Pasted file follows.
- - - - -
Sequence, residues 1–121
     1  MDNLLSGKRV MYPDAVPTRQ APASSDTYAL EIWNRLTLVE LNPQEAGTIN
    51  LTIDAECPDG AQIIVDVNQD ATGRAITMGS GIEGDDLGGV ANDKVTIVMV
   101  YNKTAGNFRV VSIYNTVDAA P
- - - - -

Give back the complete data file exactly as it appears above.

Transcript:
Sequence, residues 1–121
     1  MDNLLSGKRV MYPDAVPTRQ APASSDTYAL EIWNRLTLVE LNPQEAGTIN
    51  LTIDAECPDG AQIIVDVNQD ATGRAITMGS GIEGDDLGGV ANDKVTIVMV
   101  YNKTAGNFRV VSIYNTVDAA P